Old but Tough by Bill Storie

find something to do mug

By Bill Storie

“Analysis of historic census records reveals the majority of over-65s in Victorian England worked full-time” – Ancestry.com

I’ve been doing some research into retirement issues and what people do with themselves in retirement. It was prompted by a good friend of mine who recently retired for his final time (I think he had a couple of test runs at it before this, but this time it seems to be sticking !!).

A couple of days after he retired I e-mailed him and asked how this retirement gig was going, and he said his biggest concern is what to do with all this time. Granted he has grandchildren and his wife is still actively engaged, so he does have things to do, but compared to a full-time job he has oodles of free time.

Which got me thinking whether this is a burden or a pleasure.

All our lives, most people yearn for the time when they can sit back, do nothing all day, and if they don’t get “nothing” done today, they can carry it forward to tomorrow.

It is a challenge I agree. If you were very active and busy and running all over the place before retirement, then the change takes a lot of getting accustomed to, and there really are 24 hours in a day – every day. Taking a nap in the afternoon sounds cool until you find out that when you go to bed at night, the chances are high that come 3 in the morning, you’ll be wide awake.

Clock-watching becomes an art form. Guessing if it has moved forwards 20 minutes or 30 or even 45 is a kind of Sudoku mind-bending exercise. Knowing that clocks don’t run backwards doesn’t help either !!

Young folks, and people still employed, are of course conscious of time – “I wish it was 5 o’clock” ; “I can’t wait for the weekend”  ; “Not long until my vacation”. That’s ok, but they do know what has to be done today, tomorrow, or until that vacation. The road map is laid out for them.

Not so the retiree.

Hours merge into days which merge into weeks and months. Unless there is a plan of things to do, then the retirement years are burdensome. They really are.

Anyhoo, back to the research.

Before we had standard pensions and retirement age, most people, if health permitted, just kept on working. There was no quitting the day job and chilling out.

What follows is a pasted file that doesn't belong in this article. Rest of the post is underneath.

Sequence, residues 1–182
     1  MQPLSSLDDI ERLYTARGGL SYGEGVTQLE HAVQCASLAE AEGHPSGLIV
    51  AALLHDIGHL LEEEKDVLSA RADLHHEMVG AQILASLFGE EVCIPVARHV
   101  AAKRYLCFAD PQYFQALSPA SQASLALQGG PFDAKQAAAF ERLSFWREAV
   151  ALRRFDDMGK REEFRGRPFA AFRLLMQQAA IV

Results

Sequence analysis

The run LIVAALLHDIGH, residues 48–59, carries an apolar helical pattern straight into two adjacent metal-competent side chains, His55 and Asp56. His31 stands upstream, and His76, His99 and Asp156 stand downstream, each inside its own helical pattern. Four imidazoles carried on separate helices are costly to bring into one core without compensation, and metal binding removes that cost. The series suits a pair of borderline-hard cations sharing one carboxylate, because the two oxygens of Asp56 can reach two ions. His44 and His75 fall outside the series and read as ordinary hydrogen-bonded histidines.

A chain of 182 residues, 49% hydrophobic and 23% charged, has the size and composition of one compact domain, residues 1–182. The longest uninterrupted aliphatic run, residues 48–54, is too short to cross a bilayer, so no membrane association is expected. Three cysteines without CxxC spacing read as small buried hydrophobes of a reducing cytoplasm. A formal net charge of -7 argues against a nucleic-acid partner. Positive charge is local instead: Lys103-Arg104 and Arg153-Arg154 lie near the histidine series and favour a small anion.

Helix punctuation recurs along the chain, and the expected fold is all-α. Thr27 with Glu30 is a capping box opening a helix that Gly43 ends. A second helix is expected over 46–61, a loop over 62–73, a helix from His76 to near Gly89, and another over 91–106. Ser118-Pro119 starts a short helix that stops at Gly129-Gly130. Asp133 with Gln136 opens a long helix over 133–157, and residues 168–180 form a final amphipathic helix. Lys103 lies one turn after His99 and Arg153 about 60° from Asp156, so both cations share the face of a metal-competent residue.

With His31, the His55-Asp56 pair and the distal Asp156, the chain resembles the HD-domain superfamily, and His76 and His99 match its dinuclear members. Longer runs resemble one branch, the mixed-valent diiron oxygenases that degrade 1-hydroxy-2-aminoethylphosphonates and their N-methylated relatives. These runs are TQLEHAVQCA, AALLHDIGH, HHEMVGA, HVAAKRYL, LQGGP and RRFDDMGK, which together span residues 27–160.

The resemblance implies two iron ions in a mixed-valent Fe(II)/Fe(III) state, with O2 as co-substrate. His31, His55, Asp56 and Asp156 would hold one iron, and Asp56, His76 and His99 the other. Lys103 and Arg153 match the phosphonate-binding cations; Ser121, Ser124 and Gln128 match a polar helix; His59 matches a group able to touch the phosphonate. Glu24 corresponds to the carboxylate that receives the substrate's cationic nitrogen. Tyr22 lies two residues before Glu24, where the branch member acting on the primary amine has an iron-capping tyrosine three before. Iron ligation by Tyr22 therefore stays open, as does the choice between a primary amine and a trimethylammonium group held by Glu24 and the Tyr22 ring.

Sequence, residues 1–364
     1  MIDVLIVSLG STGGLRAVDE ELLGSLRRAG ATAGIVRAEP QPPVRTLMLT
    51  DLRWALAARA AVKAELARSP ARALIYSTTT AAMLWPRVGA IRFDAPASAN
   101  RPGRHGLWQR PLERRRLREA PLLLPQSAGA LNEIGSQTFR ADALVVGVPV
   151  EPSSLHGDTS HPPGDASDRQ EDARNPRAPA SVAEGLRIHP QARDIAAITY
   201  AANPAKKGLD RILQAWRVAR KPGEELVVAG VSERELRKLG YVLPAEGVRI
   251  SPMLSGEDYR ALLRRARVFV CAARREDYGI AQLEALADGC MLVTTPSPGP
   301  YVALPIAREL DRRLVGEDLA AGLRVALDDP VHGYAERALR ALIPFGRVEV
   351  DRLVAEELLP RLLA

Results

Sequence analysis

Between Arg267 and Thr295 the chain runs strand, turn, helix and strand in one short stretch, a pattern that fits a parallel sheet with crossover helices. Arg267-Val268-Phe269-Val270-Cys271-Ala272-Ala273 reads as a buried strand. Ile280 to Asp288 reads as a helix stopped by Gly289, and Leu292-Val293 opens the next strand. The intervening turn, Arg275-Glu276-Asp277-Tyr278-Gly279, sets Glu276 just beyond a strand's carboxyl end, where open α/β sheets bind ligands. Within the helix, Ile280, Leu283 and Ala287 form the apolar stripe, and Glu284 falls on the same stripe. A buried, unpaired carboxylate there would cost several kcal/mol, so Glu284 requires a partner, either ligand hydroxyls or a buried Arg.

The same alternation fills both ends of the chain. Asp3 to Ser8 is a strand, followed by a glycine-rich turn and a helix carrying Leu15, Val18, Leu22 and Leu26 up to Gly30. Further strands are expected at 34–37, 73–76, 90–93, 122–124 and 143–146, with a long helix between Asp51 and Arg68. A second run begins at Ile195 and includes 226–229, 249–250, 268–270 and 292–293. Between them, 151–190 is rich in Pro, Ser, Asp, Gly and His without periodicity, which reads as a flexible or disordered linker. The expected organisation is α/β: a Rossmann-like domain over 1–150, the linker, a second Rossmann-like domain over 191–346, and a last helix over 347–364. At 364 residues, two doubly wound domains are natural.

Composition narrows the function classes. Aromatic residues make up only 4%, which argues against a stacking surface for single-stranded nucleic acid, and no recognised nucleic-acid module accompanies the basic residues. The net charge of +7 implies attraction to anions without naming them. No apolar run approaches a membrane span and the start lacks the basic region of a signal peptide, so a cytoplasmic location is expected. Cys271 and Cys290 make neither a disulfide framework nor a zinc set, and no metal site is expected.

A huge part of that apparent decision was money. Simply put, if they didn’t keep working, they would have no money.

Can you actually imagine that dilemma…?

Back then the “Symbolic 65” was nothing more than a birthday. So there was no anticipation of reaching retirement age, and more to the point there was no retirement planning and no need to think about what to do in retirement. You just kept going. 

So even if the mind and body were starting to break down, as inevitably they would, there was no choice but to get up every day and go to work. That feeling, especially as agility and stress and tiredness would have been increasing, must have been very depressing. And if the family depended on you to bring home the money for food, shelter and clothing, then the psychological “luggage” must have been very heavy indeed.

So, is retirement time a pleasure or a burden…?

Those not retired I suspect will have a completely different response to that than those of us who watch clocks.. !!!

By Bill Storie

2 responses to “Old but Tough by Bill Storie

  1. Pingback: It Ain’t Heavy | the next chapter·

  2. Hi Bill…thanks.. wonderful write up…I consider retirement a pleasure rather than a burden….a pleasure serving my elderly colleagues….as president of our Senior Citizens Organization there are so many things I can do for them for their well being…

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